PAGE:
Maine unlocked access to more lobster bait Monday with the reopening of the menhaden fishery, easing the lobster industry’s anxiety about a looming bait shortage as peak summer season kicks into high gear.

The state ordered its menhaden fleet to stop fishing on June 30 after officials concluded it had exceeded the state’s annual quota of 2.4 million pounds by 1.5 million pounds, the majority of which was landed in the last four days of June, according to state records.

But menhaden, a schooling forage fish also called pogy, were still abundant in Maine waters from Kittery  to Penobscot Bay, so Maine sought access to another 4.7 million pounds of quota that is set aside for New England states to share when they catch their limit but the fish remains in large numbers.

Mitch Nunan prepares to load herring onto his lobster boat in Cape Porpoise in 2017. Maine’s lobster industry is facing the threat of a severe bait shortage, with limits on the herring catch. On Monday, regulators approved an increase in the amount of pogy, an alternative bait fish, that can be caught for this season. Shawn Patrick Ouellette/Staff Photogrpaher

Last week, regional fishing managers approved Maine’s request despite some reports that harvesters had dumped their menhaden overboard, with dead fish ending up in the coves, because the fleet couldn’t find buyers early in the season.

The cold, wet spring delayed the start of the lobster season this year. The traditional July molt had been creeping up into June as ocean temperatures in the Gulf of Maine grew warmer over the past few years, but chilly waters this year pushed the shed back to its traditional July timeline.

State officials hope landing the extra menhaden quota now that peak lobster season has started and bait demand is picking up will help ease fears of a shortage predicted as a result of a 70 percent reduction of landings for herring, Maine’s most popular lobster bait.

Maine’s $485 million a year lobster industry relies on the availability of affordable bait to lure shedding lobsters into their traps. Those who fish out of smaller ports worry about bait availability, but almost everybody worries about what a shortage could mean for bait prices.

Swans Island fishermen, for example, are paying $80 a bushel for herring at some docks, according to veteran lobsterman Jason Joyce. Last summer a typical price for a bushel of herring was $45. Just the possibility of a bait shortage can drive up the price of herring as well as alternative baits.

The late molt – which is the time when the lobsters shed their old shells, grow a bigger soft one and move inshore – means many Maine lobstermen have just recently set their full allotment of traps, which is 800 across most parts of the state. Having fewer traps in the water has kept demand for bait relatively low.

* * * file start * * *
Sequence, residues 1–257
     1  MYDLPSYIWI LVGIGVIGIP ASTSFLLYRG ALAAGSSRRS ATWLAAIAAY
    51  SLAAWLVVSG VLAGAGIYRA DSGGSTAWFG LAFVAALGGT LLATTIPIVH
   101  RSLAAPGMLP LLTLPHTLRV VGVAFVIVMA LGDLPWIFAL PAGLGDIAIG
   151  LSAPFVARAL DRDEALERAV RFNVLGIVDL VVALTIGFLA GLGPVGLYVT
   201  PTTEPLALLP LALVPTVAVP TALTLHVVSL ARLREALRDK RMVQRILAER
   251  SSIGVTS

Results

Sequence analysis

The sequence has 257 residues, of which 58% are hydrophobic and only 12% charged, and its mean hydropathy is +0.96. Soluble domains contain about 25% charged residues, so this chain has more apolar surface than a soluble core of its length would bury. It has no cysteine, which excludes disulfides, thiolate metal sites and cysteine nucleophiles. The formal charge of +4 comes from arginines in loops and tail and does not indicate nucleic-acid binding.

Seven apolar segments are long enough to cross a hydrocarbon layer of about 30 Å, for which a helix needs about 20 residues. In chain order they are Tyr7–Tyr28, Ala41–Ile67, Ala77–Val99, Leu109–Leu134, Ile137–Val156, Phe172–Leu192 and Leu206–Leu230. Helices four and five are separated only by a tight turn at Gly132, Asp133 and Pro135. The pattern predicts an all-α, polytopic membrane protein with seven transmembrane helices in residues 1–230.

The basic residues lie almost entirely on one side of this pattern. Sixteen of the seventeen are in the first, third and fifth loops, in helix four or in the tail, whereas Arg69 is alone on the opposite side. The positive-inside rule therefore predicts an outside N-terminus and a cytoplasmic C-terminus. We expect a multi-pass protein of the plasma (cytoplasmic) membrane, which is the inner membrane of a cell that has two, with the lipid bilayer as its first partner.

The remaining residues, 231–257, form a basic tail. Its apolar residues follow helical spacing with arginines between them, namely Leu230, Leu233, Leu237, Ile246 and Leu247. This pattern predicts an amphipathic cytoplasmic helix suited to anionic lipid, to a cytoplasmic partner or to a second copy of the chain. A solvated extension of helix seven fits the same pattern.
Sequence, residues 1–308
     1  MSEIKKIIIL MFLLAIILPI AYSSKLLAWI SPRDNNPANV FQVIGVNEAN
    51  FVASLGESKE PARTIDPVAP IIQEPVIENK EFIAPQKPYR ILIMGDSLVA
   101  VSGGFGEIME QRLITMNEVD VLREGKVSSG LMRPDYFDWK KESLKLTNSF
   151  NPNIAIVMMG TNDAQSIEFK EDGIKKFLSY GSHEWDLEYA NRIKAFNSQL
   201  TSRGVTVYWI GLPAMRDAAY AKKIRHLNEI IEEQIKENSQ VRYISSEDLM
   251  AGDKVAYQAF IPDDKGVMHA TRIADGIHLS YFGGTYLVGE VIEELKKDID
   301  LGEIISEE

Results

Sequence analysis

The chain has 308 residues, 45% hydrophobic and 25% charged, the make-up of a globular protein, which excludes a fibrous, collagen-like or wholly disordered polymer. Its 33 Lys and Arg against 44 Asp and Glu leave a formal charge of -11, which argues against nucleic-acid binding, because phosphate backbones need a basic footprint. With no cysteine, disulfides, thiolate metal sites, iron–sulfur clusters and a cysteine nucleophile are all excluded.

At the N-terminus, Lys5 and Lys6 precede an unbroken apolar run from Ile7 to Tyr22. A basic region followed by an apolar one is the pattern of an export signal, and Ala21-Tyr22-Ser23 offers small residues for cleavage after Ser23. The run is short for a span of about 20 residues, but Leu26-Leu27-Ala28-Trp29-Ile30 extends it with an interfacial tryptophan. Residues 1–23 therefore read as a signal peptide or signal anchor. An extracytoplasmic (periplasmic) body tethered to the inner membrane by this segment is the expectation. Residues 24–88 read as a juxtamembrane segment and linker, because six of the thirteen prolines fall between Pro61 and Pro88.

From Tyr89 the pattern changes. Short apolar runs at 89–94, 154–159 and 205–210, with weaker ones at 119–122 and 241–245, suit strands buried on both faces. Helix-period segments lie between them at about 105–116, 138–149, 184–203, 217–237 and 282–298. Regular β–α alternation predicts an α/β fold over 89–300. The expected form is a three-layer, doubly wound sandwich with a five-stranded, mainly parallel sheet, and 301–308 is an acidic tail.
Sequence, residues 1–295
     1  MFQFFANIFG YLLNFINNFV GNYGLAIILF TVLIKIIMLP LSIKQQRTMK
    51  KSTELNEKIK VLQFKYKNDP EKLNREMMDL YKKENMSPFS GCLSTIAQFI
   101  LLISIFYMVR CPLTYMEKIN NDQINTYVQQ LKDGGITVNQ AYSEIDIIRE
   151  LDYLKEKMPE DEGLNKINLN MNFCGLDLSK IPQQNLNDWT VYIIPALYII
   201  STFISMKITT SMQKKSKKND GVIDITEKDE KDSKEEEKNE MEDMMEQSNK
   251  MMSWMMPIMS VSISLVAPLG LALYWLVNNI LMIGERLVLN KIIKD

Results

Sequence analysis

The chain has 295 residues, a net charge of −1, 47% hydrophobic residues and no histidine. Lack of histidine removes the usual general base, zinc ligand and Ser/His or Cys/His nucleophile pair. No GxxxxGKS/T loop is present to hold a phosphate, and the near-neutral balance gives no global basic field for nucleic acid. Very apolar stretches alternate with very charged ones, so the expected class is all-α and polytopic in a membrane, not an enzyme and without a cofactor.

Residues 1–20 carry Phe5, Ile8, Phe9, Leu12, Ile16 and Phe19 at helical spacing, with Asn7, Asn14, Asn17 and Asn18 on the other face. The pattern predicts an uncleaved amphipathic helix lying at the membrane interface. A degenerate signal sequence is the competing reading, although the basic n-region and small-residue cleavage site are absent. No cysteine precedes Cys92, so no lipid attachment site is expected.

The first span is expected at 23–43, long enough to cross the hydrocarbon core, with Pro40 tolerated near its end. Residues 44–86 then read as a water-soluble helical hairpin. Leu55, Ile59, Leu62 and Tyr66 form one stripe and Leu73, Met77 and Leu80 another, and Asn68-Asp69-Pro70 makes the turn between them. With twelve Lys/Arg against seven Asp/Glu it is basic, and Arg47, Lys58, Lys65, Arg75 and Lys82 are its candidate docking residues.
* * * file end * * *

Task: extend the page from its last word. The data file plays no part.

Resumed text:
“For now, I imagine a lot of the bait coolers are pretty full,” said lobsterman Jeff Putnam of Chebeague Island. “The best-case scenario would be that lobstermen start using more bait when the catch picks up and Maine gets more pogy quota at that time to keep up with demand.”

But menhaden alone will not solve the industry’s bait problem once the lobster fishery hits its peak stride. Even if Maine catches all of the extra menhaden quota, that only equals 7.1 million pounds of bait.

Last year, the Maine Lobstermen’s Association was predicting a 50 million-pound bait shortage in 2019.

To close that gap, the Maine Department of Marine Resources is reviewing new bait sources. In Maine, a lobsterman must use approved baits. With the shortage looming, the state has added several new sources, including Gulf menhaden and blackbelly rosefish, and is considering others, including Asian carp.

Menhaden helped Maine close its lobster bait gap last year, too. In 2018, the state fleet landed almost 7 million pounds of menhaden, including the full regular season quota and a bonus set aside for New England. Maine’s 2018 menhaden harvest was twice its 2017 catch.

Last year, Maine needed only three weeks to land almost all of the extra New England-wide quota.

Part of the high catch rate comes from the size of the fleet. In past years, only a handful of fishing vessels have entered Maine’s regular pogy fishery. Last year, however, the fishery drew 50 fishing vessels during the regular season and 64 in the special bonus fishery.

This year, more than 100 boats have gotten permission to fish for Maine’s extra menhaden quota.

The additional quota is not enough for a fisherman to make a living off menhaden, even with the herring shortage driving up all bait prices, but it can land extra income for local fishermen, including lobstermen, who rig up their boats and participate in this traditional purse seine fishery.

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